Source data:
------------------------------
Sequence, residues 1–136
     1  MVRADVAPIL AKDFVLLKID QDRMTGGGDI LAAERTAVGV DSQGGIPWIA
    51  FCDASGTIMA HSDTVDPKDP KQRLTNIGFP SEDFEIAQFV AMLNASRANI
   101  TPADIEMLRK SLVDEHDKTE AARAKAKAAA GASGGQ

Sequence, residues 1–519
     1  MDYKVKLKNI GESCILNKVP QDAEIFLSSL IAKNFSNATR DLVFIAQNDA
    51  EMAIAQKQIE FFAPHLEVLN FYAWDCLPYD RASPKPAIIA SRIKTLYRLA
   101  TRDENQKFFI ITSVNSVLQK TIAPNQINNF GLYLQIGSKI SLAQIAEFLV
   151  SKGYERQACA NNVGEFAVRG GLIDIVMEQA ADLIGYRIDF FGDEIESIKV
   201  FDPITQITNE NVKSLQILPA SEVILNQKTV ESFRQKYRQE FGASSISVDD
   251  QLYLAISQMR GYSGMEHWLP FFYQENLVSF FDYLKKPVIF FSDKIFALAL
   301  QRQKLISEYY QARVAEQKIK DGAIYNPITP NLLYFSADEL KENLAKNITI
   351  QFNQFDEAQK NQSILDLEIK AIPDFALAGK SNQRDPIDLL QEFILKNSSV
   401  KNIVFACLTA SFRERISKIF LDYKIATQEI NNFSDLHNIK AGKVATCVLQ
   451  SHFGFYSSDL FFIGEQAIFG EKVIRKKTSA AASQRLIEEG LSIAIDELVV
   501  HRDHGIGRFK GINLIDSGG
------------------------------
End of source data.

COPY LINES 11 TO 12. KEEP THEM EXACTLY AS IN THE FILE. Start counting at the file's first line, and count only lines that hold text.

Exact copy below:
   251  QLYLAISQMR GYSGMEHWLP FFYQENLVSF FDYLKKPVIF FSDKIFALAL
   301  QRQKLISEYY QARVAEQKIK DGAIYNPITP NLLYFSADEL KENLAKNITI